Valeant begins long comeback trail with FDA approval

pharmafile | November 6, 2017 | News story | Sales and Marketing Valeant, Vyzulta, biotech, drugs, pharma, pharmaceutical 

Valeant has had precious little to be happy about over the last few years, it’s bounced from one piece of bad news to another; however, it has managed a rare piece of good news after the FDA finally gave the green light for its glaucoma drug, Vyzulta.

The approval comes after the drug had already received two rejections, though not for reasons regarding the drug’s efficacy. Twice the FDA raised concerns about the manufacturing facility in Tampa, Florida – in particular, citing the finding of metal particulates in samples.

However, after two CRLs, it seems that Valeant was able to clear up the issues and the treatment is now free to enter the market.

The drug had been picked up alongside Valeant’s acquisition of Bausch + Lomb for $8.7 billion and had been touted as a potential by former CEO, Michael Pearson.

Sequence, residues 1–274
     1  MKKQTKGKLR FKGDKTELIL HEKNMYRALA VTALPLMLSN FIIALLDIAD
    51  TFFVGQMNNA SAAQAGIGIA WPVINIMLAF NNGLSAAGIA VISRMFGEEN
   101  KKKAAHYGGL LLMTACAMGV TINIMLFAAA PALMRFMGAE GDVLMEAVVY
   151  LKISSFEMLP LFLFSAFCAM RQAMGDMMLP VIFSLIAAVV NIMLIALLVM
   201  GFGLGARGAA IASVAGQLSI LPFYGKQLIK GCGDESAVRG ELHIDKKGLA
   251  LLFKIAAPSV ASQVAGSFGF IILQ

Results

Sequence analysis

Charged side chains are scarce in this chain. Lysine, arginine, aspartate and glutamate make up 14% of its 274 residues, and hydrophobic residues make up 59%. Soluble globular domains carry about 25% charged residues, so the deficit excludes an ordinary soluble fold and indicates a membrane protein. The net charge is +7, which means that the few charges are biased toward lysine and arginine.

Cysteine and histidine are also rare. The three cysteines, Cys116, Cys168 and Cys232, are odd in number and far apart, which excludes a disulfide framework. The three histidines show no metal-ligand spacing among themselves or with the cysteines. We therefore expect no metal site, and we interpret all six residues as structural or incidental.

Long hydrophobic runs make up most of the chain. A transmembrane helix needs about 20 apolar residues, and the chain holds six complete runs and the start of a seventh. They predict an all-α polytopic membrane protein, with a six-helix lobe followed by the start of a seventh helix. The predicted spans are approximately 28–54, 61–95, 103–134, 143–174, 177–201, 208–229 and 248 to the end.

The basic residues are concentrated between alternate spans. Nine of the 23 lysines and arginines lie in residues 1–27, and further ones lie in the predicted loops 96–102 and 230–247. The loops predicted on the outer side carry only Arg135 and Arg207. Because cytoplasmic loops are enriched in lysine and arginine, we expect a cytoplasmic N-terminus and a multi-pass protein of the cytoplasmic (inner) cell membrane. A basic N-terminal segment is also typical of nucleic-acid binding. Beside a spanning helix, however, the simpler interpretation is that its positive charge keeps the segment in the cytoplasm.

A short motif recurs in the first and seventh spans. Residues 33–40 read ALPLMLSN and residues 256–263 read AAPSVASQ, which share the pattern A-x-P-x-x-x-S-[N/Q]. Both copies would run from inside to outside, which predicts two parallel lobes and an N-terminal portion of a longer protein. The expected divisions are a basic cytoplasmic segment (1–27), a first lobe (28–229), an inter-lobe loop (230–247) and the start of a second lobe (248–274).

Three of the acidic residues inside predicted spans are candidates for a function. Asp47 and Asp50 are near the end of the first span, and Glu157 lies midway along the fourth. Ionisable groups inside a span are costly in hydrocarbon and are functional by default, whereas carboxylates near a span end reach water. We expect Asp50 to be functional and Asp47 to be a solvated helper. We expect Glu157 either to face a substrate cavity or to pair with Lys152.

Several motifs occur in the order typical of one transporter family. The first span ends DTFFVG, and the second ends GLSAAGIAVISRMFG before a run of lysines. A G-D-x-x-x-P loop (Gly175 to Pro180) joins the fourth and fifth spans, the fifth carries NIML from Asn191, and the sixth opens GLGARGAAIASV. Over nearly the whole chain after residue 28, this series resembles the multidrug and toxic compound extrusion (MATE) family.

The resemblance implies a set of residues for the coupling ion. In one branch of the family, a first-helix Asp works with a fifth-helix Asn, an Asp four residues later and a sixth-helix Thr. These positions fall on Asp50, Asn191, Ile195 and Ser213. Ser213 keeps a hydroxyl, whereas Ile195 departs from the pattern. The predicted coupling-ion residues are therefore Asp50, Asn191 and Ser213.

The decision to bring in Bausch + Lomb had previously been questioned, after sluggish sales, and there was a suggestion that Valeant was looking to divest the unit in order to pay down its debt. However, it looks like the deal could be one of the few made by Pearson to actually pay off.

The company desperately needs it to, after an acquisition spree saddled the company with $30 billion in debt that current CEO, Joseph Papa, is tasked with managing.

“With today’s approval of Vyzulta, our customers and their patients with glaucoma now have a new treatment option that can help provide consistent and sustained IOP lowering, the only modifiable risk factor that can help slow down the progression of the disease,” said Joseph C. Papa, chairman and CEO, Valeant. “We expect to make this new advancement available for those who suffer with glaucoma before the end of the year.”

The treatment was licensed from Nicox and, as a result of the approval, the company will be due a payment of $17.5 million. A figure that will be reduced to $2.5 million immediately, after it is pays a $15 million due to Pfizer under a previous licensing agreement.

Ben Hargreaves

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